27. We will set our academic goals high. We will talk about them frequently.
  28. We will work “one step at a time” to achieve our goals.
  29. We will all (students and teachers) focus on the “next test” when we do poorly on a test or blow an assignment.
  30. We will be humble. Students and their parents don’t care how much teachers know, until they know how much teachers care.
  31. We will make school a priority in our lives. Example: God, Family, School, Sport. Things like Girlfriends/Boyfriends, cars, text messaging, face book, World of War Craft, etc. are not a priority.
  32. We will recruit every eligible student in the school to be involved with some extracurricular activity. Our extracurricular programs will be so valuable that students will want to come to our school just to participate in them.
  33. We will “Dream” of great things.
  34. We will not use alcohol, drugs, or tobacco.
  35. We will do everything possible to ensure that every student gets some form of accolade at least once per month.
  36. We will challenge the strong and save the weak from discouragement.
  37. We will not tolerate “negativism” from teachers or students.
  38. Students when asked a question by a teacher will respond “Yes sir/mam” or “No sir/mam”.
  39. We will work to embellish the belief that both victory and defeat are imposters. That we all live somewhere in between. When we win…be humble. when we lose….have hope for tomorrow.
  40. We will treat everyone who goes to our school with honor and respect.
  41. Teachers will correct a little and love a lot.
  42. Teachers will praise in public and punish in private. Teachers will never verbally assault students.
  43. Attendance is important in our school. You can’t learn anything if you are not here.


Students should expect:

  1. Encouragement.
  2. Individualized teaching time.
  3. A reasonable opportunity to compete for good grades.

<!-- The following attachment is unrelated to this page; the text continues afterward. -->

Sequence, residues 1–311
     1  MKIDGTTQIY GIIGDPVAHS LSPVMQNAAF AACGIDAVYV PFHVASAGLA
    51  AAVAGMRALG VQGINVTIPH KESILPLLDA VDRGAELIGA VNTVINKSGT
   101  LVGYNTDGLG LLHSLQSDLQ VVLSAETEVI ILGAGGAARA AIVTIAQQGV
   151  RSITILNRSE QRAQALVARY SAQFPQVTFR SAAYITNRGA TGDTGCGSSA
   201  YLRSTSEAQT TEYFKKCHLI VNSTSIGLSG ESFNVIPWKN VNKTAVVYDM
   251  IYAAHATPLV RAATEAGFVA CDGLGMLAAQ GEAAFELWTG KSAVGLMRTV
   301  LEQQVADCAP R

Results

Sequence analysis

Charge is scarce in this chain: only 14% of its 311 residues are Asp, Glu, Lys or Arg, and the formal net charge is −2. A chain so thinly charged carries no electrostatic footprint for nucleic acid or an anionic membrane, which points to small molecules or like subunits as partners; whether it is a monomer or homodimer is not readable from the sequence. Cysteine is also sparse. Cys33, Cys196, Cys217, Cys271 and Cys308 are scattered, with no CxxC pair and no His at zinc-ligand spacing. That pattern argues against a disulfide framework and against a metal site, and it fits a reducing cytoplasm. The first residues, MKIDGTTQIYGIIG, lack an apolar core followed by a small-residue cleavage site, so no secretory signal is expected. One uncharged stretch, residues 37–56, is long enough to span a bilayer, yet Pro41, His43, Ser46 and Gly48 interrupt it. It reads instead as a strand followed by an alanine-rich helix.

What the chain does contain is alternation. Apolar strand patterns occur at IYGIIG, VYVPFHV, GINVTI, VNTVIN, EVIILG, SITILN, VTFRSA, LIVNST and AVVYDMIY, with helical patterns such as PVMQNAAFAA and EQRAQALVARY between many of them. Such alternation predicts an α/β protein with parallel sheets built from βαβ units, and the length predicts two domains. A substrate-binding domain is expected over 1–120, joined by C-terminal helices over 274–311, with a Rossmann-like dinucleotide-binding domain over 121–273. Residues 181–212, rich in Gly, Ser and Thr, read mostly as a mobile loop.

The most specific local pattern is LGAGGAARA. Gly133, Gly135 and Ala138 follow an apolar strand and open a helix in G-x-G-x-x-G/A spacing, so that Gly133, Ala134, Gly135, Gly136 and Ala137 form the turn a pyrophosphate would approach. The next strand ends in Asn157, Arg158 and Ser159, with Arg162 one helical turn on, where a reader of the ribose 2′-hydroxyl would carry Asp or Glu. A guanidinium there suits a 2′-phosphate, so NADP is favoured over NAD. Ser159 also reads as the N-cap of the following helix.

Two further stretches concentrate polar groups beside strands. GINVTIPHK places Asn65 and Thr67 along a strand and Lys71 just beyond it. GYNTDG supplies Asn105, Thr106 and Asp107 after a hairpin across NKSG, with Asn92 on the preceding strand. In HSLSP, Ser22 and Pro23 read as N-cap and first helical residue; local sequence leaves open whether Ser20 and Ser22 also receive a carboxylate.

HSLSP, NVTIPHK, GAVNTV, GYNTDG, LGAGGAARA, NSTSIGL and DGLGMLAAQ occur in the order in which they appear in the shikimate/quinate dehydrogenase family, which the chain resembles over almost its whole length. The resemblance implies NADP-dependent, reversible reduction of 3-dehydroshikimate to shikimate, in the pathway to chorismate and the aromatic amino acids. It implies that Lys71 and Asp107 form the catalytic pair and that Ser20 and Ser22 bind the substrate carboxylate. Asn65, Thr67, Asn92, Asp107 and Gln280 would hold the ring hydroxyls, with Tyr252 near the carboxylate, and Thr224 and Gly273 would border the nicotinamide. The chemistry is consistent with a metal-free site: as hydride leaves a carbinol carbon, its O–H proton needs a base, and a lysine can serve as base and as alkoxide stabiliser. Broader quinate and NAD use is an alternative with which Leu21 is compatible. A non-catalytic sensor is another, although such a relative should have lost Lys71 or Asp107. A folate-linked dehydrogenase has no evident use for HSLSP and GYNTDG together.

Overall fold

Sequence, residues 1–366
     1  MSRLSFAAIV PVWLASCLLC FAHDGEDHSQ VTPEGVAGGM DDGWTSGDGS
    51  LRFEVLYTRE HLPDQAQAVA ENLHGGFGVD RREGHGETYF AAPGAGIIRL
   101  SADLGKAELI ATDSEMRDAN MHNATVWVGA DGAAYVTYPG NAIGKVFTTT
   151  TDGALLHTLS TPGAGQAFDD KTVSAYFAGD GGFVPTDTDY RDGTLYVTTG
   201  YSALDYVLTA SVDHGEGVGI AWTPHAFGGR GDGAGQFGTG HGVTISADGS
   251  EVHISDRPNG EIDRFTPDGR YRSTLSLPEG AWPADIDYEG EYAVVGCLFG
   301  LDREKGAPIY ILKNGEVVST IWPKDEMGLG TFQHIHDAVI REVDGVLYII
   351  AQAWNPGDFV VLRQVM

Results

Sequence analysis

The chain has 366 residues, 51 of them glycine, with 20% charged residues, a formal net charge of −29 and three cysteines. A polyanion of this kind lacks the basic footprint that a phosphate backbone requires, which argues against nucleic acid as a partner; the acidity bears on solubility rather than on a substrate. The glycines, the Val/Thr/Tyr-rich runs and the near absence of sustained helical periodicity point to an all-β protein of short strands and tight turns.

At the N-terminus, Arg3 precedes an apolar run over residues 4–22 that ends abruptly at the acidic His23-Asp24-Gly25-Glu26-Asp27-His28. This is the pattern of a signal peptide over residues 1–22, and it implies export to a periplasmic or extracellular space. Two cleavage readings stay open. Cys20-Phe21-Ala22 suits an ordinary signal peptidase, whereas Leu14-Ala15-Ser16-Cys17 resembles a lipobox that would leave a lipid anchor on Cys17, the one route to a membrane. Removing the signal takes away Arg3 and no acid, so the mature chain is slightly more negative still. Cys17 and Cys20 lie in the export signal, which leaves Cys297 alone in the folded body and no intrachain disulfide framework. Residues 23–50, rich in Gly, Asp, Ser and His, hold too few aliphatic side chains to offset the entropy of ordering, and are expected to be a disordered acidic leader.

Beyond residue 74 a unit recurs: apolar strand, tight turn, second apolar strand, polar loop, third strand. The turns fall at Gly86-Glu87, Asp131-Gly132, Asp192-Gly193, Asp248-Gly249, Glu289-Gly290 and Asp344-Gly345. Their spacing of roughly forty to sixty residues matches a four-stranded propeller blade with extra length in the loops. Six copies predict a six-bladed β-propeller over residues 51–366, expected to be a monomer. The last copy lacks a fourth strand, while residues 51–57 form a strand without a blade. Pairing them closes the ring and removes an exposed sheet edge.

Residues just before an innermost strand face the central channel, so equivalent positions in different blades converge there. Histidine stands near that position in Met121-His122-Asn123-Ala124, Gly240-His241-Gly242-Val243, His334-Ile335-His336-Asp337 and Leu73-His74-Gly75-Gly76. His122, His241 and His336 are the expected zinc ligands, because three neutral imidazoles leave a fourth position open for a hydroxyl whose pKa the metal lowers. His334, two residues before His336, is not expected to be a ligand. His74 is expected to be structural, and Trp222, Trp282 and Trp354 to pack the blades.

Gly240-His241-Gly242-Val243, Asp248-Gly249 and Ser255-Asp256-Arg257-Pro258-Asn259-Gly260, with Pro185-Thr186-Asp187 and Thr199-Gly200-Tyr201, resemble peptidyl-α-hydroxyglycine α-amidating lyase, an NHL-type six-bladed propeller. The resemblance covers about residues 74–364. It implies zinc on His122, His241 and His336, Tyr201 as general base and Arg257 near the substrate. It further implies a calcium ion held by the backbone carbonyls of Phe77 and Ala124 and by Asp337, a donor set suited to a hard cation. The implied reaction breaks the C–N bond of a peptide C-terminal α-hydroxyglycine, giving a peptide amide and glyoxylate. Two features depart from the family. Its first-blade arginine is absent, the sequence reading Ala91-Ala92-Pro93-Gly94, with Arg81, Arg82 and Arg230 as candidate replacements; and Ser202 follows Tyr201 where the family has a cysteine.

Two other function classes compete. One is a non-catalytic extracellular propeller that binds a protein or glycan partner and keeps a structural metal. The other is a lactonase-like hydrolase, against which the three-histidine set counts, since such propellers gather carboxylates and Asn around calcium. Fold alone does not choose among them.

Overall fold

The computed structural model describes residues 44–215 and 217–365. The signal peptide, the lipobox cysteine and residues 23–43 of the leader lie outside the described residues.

4. Excellent role modeling, grooming, dress, behavior, and ethics.
  5. Guidance with personal problems or direction to appropriate school resources.
  6. An organized structured athletic environment.
  7. Food.
  8. Safe Refuge. (A place they can go and be safe).
  9. Discipline and structure.
  10. To play and have fun.
  11. To learn to work with others.
  12. To learn to overcome weakness in ones self.
  13. To actively participate in social events.
  14. To support a superior.
  15. To master a body of knowledge
  16. To receive help.
  17. To overcome adversity.
  18. To be aggressive and learn how to control it.
  19. To learn how to dispose of an inferior still be humble.
  20. To accomplish something difficult.
  21. To console one another.
  22. Some freedom and autonomy in their life.
  23. To control and dominate another without losing perspective.
  24. To impress others.
  25. To accept blame.
  26. To explore their emotions through victory and defeat.


Teacher Standards:

  1. All teachers will have total loyalty to each other and the “school”.
  2. Teachers will never disagree in front of students.
  3. Teachers will resolve their differences behind closed doors.
  4. Teachers will strive know the first and last names of all students in the school.
  5. Teachers will be the first to arrive and the last to leave school.
  6. Teachers will be the perfect model of the characteristics and virtues that they demand from students.
  7. Teachers will accept the jobs they are given.
  8. Teachers will anticipate the needs of the school and students.
  9. Teachers should shield the Principal from insignificant distractions.
  10. Teachers need to be organized. The classroom is for learning. A bad “lesson” is better than a good “story”.
  11. Teachers need to be prepared.
  12. Teachers need to be technically sound at their positions.
  13. Good Teachers get students to believe in them, great teachers get students to believe in themselves.
  14. Teach every class. Teach every minute.
  15. Teachers need to give students lots of feedback. “We can win with that.” “Nice job”. “Great effort”. Put every criticism in between two compliments. Tell the students they are good over and over. Students must “believe in themselves”.
  16. Teachers should be a great ambassadors for the “School”. Teachers should talk to people in the community about student safety, student achievement, character, work ethic, positive student behavior, and teamwork. Teachers should maintain a “positive” teaching image wherever they go.
  17. Teachers should never lose sight of the fundamentals of their subject area and should return to them often.
  18. If anger enters the conversation between a Teacher and a Student during class, the teacher needs to make sure that “fence is mended” before the student leaves the classroom. Never let a student leave the classroom doubting themselves or the teacher.
  19. Teachers will be experts on both the school’s academic and spiritual curriculums.
  20. Teachers will be great listeners.
  21. Teachers will be willing to lose battles to win the war.
  22. Teachers must earn respect. When we start, our respect tank is full. Where it goes from there is up to the Teacher.
  23. Teachers must be willing to admit their mistakes and even shoulder the mistakes of students at times.